Stosh was Tandie’s stepfather. (At least that’s what Mommy called him; Tandie didn’t think they were really married.) He’d come along when Tandie was still in pull-ups, and she couldn’t remember life without him. Stosh was a huge offender when it came to misusing words. He’s a Word Criminal, Tandie thought. The Word Police should arrest him.

What bugged (Annoyed. Irritated.) Tandie most of all was not Stosh’s poor grammar or the way he often mispronounced words. It was the way he used one word when he really meant a whole ‘nother thing. Not even close to a “cinnamon.”

For instance, “let” and “make.”

“Tonight, we’re gonna let you watch,” Stosh told her.

Afterwards, Tandie was infuriated. (Angry! Enraged!) What Stosh SHOULD have said was: “Tonight, we’re gonna MAKE you watch.”

By far, Tandie preferred the blindfold. She was sickened by the sight of Stosh’s fat, hairy body. She was repulsed by Mommy’s slack, white skin, and her saggy boobies that looked like moo cow udders. (I never want those!) Usually, when Mommy and Stosh had “friends” over for the Bad Parties, they made her wear the blindfold, so she wouldn’t see their faces. That was good. The faces, when she was allowed to see, were never handsome or pretty.

“Ain’t very much to her, is there?” a man with hardly any teeth and a filthy Iron Maiden t-shirt had said, looking Tandie over as she shivered in her underpants.

Tandie had felt embarrassed. (Ashamed. Humiliated.) She knew she was ugly. Mommy said so all the time. (“I was gonna name you that, but the hospital people wouldn’t put it on the birth certificate.”) She was also scrawny; her ribs poked out of her sides like the bars of a xylophone. Her diet consisted mostly of Bread And. Bread and butter. Bread and mustard. Bread and ketchup. Mommy was not big on cooking, and Tandie was rarely allowed to share any of the greasy takeout grub Stosh brought home from the diner where he worked. Which was just fine with her. Stosh always smelled like French fries and Tandie certainly didn’t want to eat anything that smelled like Stosh. She would rather have Bread And.

She hated that there were pictures. She wasn’t allowed to go on the computer, but she knew there was a thing called The Internet. She had seen Mommy and Stosh looking at dirty pictures on the computer screen plenty of times. One day, she was horrified to see herself in some of them!

Is that really me? Did I really do those things? Can everybody see me? In that moment, Tandie wanted to die.

“What’s wrong? Don’t like the way you look in pictures?” Stosh had laughed at her shocked expression.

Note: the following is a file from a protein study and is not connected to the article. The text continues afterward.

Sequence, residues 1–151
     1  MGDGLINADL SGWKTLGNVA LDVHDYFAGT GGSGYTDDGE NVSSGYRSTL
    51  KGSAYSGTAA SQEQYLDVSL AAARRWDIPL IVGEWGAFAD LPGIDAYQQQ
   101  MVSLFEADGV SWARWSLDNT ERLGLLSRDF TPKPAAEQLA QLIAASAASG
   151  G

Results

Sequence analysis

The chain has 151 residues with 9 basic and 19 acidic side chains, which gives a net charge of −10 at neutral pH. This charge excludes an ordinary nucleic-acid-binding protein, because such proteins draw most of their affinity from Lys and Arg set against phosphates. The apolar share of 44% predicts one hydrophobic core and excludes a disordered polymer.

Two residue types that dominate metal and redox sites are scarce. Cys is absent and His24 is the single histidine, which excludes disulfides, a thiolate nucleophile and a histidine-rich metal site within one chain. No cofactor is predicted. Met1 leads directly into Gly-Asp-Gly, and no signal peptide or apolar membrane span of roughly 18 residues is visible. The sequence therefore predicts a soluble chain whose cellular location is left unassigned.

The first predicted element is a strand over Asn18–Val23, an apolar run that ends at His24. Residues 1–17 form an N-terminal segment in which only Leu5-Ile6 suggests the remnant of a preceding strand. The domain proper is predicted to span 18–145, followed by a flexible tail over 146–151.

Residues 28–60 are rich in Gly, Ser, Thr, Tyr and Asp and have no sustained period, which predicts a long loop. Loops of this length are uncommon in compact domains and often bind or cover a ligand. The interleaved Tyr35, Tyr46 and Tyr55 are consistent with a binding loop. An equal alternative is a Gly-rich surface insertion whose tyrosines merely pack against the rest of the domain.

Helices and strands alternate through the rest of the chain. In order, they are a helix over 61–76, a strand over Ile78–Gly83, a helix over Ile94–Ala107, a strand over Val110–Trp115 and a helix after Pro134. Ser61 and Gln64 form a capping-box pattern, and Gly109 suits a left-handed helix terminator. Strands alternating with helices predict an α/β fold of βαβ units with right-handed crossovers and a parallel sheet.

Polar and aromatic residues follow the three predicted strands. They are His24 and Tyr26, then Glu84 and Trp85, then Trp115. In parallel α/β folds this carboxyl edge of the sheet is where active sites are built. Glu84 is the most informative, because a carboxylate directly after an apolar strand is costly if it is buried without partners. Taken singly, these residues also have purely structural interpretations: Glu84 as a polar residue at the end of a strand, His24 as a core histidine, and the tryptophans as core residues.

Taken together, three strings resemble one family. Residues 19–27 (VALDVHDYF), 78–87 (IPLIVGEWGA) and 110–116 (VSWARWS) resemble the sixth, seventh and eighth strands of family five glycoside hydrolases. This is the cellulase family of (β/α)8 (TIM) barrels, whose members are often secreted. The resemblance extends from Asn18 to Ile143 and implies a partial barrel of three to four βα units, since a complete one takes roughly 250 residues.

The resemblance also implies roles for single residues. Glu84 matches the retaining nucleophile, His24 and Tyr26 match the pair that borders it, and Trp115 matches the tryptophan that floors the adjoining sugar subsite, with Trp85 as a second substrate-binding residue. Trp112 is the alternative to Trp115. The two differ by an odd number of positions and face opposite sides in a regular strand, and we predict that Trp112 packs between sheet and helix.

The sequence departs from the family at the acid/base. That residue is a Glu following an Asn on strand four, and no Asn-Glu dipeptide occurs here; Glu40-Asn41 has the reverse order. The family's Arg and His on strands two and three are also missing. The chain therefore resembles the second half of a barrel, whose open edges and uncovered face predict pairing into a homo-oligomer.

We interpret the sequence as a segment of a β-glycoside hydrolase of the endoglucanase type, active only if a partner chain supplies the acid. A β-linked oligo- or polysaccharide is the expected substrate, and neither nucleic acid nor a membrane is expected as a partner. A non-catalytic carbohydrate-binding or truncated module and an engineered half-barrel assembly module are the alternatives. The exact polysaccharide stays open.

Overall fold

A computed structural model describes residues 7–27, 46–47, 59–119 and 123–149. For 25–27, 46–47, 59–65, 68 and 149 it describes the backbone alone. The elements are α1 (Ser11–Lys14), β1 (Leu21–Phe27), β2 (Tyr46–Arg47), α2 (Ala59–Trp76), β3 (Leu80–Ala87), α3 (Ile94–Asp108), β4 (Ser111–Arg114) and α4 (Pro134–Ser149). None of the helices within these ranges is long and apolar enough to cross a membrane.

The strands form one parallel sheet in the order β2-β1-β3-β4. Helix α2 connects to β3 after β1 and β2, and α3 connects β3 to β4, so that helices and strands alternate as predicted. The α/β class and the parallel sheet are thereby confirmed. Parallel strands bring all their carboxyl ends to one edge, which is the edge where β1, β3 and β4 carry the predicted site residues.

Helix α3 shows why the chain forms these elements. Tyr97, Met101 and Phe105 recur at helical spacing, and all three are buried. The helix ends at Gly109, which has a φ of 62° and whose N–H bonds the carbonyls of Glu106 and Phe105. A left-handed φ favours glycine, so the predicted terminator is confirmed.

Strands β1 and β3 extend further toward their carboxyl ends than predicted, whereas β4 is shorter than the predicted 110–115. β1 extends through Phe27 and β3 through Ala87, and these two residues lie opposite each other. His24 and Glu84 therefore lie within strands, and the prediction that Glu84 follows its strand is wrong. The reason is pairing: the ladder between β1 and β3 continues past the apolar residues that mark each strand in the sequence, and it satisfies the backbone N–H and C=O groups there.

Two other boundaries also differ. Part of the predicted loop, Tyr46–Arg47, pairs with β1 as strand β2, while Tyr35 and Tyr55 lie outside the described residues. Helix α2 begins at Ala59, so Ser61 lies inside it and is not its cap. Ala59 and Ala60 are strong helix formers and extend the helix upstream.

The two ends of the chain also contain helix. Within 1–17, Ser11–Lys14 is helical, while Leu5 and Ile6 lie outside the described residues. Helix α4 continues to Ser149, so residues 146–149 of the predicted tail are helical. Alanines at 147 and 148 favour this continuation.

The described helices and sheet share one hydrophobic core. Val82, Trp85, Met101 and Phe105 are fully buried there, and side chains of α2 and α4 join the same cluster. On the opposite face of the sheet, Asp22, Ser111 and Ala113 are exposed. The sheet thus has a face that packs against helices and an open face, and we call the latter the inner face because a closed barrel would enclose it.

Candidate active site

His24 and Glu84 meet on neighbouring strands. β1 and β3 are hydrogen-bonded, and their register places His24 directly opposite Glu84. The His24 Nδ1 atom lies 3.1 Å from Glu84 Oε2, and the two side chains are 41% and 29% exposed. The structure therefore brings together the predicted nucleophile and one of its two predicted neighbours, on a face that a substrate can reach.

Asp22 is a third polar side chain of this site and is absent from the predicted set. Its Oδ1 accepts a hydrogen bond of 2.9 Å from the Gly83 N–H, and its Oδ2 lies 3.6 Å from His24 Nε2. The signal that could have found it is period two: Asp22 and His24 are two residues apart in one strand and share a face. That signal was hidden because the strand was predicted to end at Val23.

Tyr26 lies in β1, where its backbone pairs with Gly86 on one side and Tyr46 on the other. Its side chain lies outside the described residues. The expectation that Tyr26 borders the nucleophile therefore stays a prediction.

Sometimes, although very rarely, other kids came to the Bad Parties. Mostly little boys. (And some big boys, but not quite teenagers yet.) Tandie was not allowed to talk with the other children. She just Did Things with them… whatever the grown-ups told them to do.

There was “magic juice” that Stosh gave her to drink before she did the Bad Stuff. It was sweet and fruity and made her relax, almost (Nearly. Not quite.) enough to not care what was going on.

But what really got Tandie through these ordeals were her “cinnamons.” She would think of a random word and mentally list all its sisters and cousins.

HAPPY! Joyful! Merry! Cheerful! Mirthful! Jolly! Exuberant! On and on she’d go, until it was over and she was finally permitted to go to sleep on her dingy mattress in the closet. She rarely dreamed.

In the mornings after the Bad Parties. Tandie would hurt Down There. She was sick Down There, she was pretty sure. It was red and puffy and sometimes It leaked stuff. She hated It.

One night, during one of the Bad Parties, the police raided the house. Tandie was so “out of it” from the Magic Juice, she couldn’t understand what was going on.

WEIRD! Strange. Unusual. Extraordinary. Curious…

“Little girl?”

SMART! Clever. Intelligent. Sharp. Bright. Resourceful…

“Little girl, can you tell me your name?”

Tandie looked into the kind, dark face of a female police officer. The face blurred and her voice sounded a million miles away. Tandie passed out.

When she awoke, she was in the hospital. The doctors, the police, and a whole bunch (Multitude. Bevy.) of strangers kept asking her the same questions over and over.

“Can you tell me your full name?”

“How old are you?”

“Have you ever been to school?”

“Can you tell me the names of the people who hurt you?”

“Where does it hurt the most, Sweetie?”

Tandie could give them no answers. Because despite all the wonderful adjectives, nouns, and verbs that filled her head, Tandie had never spoken a word in her entire life.